Soviet collapse

Louis Proyect lnp3 at SPAMpanix.com
Fri Dec 17 07:16:12 MST 1999



The Nation, January 3, 2000

Was Communism Reformable? (Review of books on the collapse of the Soviet
Union)

by ROBERT V. DANIELS

If revolutions can be explained after the fact, it is much harder to
foresee them, and it is impossible to specify their timetable. Everyone
agrees that the Second Russian Revolution (if it may be called that) was
started by Gorbachev personally. It was thus a true accident of personality
in history, both in his determination to reform the Soviet system and in
his narrow margin of victory in 1985. "To ignore Gorbachev's choice-making
is a fundamental error," Odom writes. The collapse of 1991 was equally
accidental, set up only by the Gorbachev-Yeltsin feud plus the latter's
exploitation of nationality separatism, and made irreversible only by the
conservatives' failed coup, which blew away the whole psychological basis
of authority. Had it not been for these fortuitous events, there is no
reason to dispute the contention of Hough and others that at least for a
time Russia could have pursued the Chinese path of reform under
dictatorship without the societal breakdown that democratization permitted.
"The USSR was killed...by politics, not economics," and above all by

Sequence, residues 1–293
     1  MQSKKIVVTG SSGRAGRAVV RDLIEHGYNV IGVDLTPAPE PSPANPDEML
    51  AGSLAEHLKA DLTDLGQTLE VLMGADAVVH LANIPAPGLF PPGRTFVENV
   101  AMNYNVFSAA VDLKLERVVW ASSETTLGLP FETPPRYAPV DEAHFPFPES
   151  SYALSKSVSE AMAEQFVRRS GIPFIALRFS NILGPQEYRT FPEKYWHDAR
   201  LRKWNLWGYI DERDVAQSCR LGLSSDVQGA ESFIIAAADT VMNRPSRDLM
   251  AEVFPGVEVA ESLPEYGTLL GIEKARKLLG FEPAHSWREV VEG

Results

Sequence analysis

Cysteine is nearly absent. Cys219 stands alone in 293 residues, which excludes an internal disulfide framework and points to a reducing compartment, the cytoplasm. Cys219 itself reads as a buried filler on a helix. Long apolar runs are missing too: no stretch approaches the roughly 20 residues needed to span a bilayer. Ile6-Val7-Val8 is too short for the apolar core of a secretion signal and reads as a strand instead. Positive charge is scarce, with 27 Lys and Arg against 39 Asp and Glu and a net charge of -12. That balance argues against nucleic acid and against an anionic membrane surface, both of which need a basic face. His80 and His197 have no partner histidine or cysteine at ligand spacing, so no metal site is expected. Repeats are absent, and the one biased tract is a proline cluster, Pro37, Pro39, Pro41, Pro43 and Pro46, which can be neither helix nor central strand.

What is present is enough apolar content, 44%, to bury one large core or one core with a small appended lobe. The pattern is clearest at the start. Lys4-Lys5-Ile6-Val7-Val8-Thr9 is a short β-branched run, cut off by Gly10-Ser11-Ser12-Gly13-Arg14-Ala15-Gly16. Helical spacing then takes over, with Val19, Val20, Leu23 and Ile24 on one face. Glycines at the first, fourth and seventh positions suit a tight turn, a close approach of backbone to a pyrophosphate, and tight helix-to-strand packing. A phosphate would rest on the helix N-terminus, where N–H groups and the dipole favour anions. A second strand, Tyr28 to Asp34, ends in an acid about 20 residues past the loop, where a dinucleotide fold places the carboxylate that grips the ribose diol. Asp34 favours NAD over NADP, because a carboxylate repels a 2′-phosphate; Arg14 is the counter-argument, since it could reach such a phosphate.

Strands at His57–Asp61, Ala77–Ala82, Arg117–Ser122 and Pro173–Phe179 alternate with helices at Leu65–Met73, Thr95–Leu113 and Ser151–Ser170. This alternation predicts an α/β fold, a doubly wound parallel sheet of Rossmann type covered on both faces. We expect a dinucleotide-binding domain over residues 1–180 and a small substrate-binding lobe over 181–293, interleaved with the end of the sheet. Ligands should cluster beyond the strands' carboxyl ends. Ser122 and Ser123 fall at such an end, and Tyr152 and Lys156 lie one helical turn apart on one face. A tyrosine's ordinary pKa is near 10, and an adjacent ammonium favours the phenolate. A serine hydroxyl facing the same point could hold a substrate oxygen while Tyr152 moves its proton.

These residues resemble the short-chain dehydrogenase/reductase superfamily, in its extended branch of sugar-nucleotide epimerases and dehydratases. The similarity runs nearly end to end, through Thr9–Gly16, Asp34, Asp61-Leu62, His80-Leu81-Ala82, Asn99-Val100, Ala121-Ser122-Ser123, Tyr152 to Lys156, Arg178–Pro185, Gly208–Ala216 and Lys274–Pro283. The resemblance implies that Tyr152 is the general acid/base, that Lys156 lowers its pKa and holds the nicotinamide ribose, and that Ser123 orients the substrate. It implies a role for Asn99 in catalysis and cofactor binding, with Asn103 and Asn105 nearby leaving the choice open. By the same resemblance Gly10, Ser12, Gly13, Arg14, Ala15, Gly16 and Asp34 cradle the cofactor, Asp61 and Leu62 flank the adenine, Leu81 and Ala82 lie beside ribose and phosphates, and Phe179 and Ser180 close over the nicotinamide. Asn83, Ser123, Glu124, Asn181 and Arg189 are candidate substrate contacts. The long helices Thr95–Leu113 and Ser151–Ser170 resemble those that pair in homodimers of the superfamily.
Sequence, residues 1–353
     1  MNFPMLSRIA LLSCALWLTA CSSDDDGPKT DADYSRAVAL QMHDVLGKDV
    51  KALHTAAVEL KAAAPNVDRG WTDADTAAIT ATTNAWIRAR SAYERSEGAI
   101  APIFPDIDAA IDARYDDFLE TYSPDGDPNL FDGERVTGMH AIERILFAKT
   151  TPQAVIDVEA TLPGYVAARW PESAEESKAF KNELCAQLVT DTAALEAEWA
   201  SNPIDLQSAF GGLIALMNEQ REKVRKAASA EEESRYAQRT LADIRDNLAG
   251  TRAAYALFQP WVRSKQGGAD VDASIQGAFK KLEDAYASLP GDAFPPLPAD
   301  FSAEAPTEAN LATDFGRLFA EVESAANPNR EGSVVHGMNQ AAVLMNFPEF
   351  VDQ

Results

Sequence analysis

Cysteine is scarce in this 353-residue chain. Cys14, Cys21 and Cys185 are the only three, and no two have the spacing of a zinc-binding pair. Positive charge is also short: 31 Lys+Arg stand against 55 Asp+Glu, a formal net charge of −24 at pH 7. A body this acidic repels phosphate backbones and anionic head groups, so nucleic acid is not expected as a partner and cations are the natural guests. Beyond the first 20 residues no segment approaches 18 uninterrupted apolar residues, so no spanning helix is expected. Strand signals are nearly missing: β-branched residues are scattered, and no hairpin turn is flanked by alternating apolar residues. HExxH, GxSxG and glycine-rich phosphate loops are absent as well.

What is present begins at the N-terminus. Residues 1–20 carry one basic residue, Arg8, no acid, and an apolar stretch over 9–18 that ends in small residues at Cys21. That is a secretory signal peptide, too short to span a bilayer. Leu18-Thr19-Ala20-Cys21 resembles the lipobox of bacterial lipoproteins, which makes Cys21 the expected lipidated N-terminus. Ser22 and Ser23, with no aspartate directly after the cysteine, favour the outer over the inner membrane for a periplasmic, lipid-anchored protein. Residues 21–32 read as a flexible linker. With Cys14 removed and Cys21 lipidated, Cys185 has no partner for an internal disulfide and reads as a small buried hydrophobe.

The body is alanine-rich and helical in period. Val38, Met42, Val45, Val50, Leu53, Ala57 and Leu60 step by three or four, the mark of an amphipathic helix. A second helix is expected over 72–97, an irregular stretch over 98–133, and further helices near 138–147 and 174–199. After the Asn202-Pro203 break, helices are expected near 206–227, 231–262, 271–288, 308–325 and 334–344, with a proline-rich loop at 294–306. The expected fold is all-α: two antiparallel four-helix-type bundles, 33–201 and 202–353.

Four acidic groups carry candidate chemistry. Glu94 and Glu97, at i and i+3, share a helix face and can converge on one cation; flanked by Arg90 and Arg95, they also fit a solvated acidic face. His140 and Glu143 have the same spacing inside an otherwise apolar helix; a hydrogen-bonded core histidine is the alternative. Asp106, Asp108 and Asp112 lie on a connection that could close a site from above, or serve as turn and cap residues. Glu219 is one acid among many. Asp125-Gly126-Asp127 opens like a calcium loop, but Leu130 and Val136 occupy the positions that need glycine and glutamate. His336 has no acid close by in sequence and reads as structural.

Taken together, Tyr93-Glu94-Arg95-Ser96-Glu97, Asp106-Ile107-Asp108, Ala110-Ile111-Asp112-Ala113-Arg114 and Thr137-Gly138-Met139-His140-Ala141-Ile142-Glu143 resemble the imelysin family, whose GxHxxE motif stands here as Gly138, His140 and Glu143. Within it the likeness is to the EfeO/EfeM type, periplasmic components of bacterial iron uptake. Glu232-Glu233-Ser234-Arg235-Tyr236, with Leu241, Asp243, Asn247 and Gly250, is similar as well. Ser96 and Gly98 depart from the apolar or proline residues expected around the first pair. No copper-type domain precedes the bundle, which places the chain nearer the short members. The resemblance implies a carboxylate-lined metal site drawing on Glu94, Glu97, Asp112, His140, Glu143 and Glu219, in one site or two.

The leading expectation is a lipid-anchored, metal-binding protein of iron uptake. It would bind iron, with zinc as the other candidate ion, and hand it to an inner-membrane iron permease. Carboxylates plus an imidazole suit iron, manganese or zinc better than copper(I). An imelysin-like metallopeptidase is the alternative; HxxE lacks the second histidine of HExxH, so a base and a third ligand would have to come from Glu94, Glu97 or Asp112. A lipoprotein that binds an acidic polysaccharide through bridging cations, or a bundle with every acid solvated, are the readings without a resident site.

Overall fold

"Soviet Academicians concocting fantastic reform plans," observe Michael
Ellman and Vladimir Kontorovich in introducing their collection of essays
by insiders of the Gorbachev era (The Destruction of the Soviet Economic
System).

The Chinese outcome would have satisfied many in Gorbachev's entourage,
including his number-two man of the early years of perestroika, Yegor
Ligachev, his middle-of-the-road prime minister, Nikolai Ryzhkov (Hough's
hero), and even the putschists of 1991. These scoundrels, Gorbachev
appointees all, were mainly interested in preserving the Union, and never
mentioned Communism or even socialism in their pronunciamento. Their real
creed was the Russian imperialism that was the underlying ideology of the
post-Stalin rulers, as Yitzhak Brudny shows in his Reinventing Russia:
Russian Nationalism and the Soviet State, 1953-1991. However, the course of
authoritarian, centralist reform, Chinese-style, had already been ruled out
by the democratic steps Gorbachev had set in motion at least three years
before the coup attempt and by the loosening of restraints over the
property-hungry nomenklatura from that time on.

What if Yeltsin had provided a different kind of rallying point for the
democratic reformers as well as the rebellious officialdom, and had not
been so fixated on personal power and revenge against Gorbachev? Brown
thinks that if Yeltsin and Gorbachev had collaborated, they could have
saved the Union and averted the economic and strategic disruption that its
breakup entailed. Likewise there was no compelling reason, other than
politics, to subject Russia to economic shock therapy in 1992--more shock
than therapy, as even Deputy Secretary of State Strobe Talbott later
acknowledged. Shock therapy was as callous and stupid as Stalin's
collectivization of the peasants, thinks Esther Kingston-Mann of the
University of Massachusetts, Boston (In Search of the True West: Culture,
Economics, and Problems of Russian Development.)

Full review at www.thenation.com


Louis Proyect

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